Further evidence of U.S. government sanctioned market manipulation of gold and silver was noticed on the 24 hour silver and gold charts during this correction. During this period the high physical demand for gold and silver in Asia often caused daily price gains of $5 or $10 an ounce. These gains were only lost once London closed and New York markets opened. These gains were quickly sold off on the COMEX, within a 30 minute time frame, and then transformed into deep losses. This patterned repeated itself, like clockwork, nearly every day during this correction.
The discrepancy between physical gold/silver and published gold/silver prices was possible because 99% of futures contracts are closed out with the purchase of another paper contract. Futures contracts represent digital bytes of gold and silver flying around in a paper market, not real ounces of gold and silver that exist in the physical market. This in effect creates two parallel markets for gold and silver, a paper and a phyiscal market, allowing signicantly different prices to be set for the same commodity over a short period of time. Paper markets were used to manipulate prices that were non-reflective of the physical market.

Due to record demand world-wide, a shortage of physical gold and silver has developed. This has forced the big western bullion banks, based in New York and London, who control both the gold and silver trade to essentially rationing a very thin supply while pretending there isn't a shortage of gold and silver. Most physical silver and gold, to a lessor extent, is being reserved for industrial and fabrication use while investors are simply not able to get any. The big bullion banks are artificially reducing the quantities of gold and silver delivered by refusing to extend lines of credit to all other buyers, like small banks, under the excuse that "they have run down their credit lines”. This has forced these buyers to pay down existing lines of credit before being allowed to take delivery of another gold or silver shipment. Thus investors are left to accept paper gold or silver, or have to wait months for the real thing. (Interestingly, the manipulating bullion banks made a mistake in not supplying the U.S. Mint, which ran out of gold and silver, proving that there is a severe shortage of physical gold and silver.)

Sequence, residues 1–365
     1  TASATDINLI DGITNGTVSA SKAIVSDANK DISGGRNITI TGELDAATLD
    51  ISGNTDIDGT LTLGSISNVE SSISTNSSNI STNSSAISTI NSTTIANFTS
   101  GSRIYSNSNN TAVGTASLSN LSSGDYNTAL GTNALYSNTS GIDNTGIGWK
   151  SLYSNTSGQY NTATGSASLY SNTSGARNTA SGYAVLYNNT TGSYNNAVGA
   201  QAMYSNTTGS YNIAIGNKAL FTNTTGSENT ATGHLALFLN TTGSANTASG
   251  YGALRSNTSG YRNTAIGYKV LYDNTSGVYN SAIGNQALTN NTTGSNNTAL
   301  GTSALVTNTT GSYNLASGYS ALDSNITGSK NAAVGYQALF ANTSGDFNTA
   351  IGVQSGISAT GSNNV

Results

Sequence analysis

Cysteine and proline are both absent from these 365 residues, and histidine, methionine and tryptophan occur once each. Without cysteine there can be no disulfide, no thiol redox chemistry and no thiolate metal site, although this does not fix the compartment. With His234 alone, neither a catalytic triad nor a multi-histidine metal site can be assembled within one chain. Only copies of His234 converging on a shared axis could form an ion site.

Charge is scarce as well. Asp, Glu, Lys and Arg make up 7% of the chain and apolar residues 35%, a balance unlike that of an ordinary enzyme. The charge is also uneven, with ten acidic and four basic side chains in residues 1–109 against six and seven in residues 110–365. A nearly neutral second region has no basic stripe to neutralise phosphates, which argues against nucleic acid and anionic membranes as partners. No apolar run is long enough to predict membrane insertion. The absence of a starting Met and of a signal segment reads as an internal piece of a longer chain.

To drive down the price of gold, the big bullion banks flooded the market with artificially created (fake) "paper gold and silver". To get the secondary derivatives dealers to lease this artificially created paper gold and silver, the big bullion banks (with the Fed maybe providing the seed money?) have been "paying" the dealers (a "negative" lease rate) to lease this paper gold and silver! (Normally the dealers have to pay the bullion banks to lease gold and silver.) By leasing the gold and silver, the derivative dealers then can write futures contracts, etc. because the rules allow "paper claims" to vault-stored gold and silver to legally be used as cover for futures contracts.

(Interestingly this "paper claims" rule came about because a few years back Morgan Stanley, one of the major players in precious metals, was successfully sued (quietly settled out of court) for defrauding its clients from 1986 to 2007 for charging big fees for storing imaginary gold and silver in its vaults that it never bought. Morgan Stanley’s defense was that it was simply following “standard industry practices". Apparently, it is standard Wall Street industry practice to send people monthly statements claiming that the firm is storing physical gold or silver in a vault, charge for the storage, but really never buy or store any real precious metal. If you are an American, do you still believe that the gold ETFs issued by these American bullion banks are really backed by gold? How about an ETF that mimics the price of gold. Sounds like a derivative. Is there really a counter-party? If gold goes to $2000 will they pay up? Coins and bullion are the only real insurance policy.)

With the world-wide physical shortage of gold and silver, logic tells us that the big bullion bank's "claims" of gold and silver stored in it's vaults must be imaginary. If they have issued fake paper gold and silver "claims" before, they are likely doing it again to manipulate the precious metal markets for the U.S. government.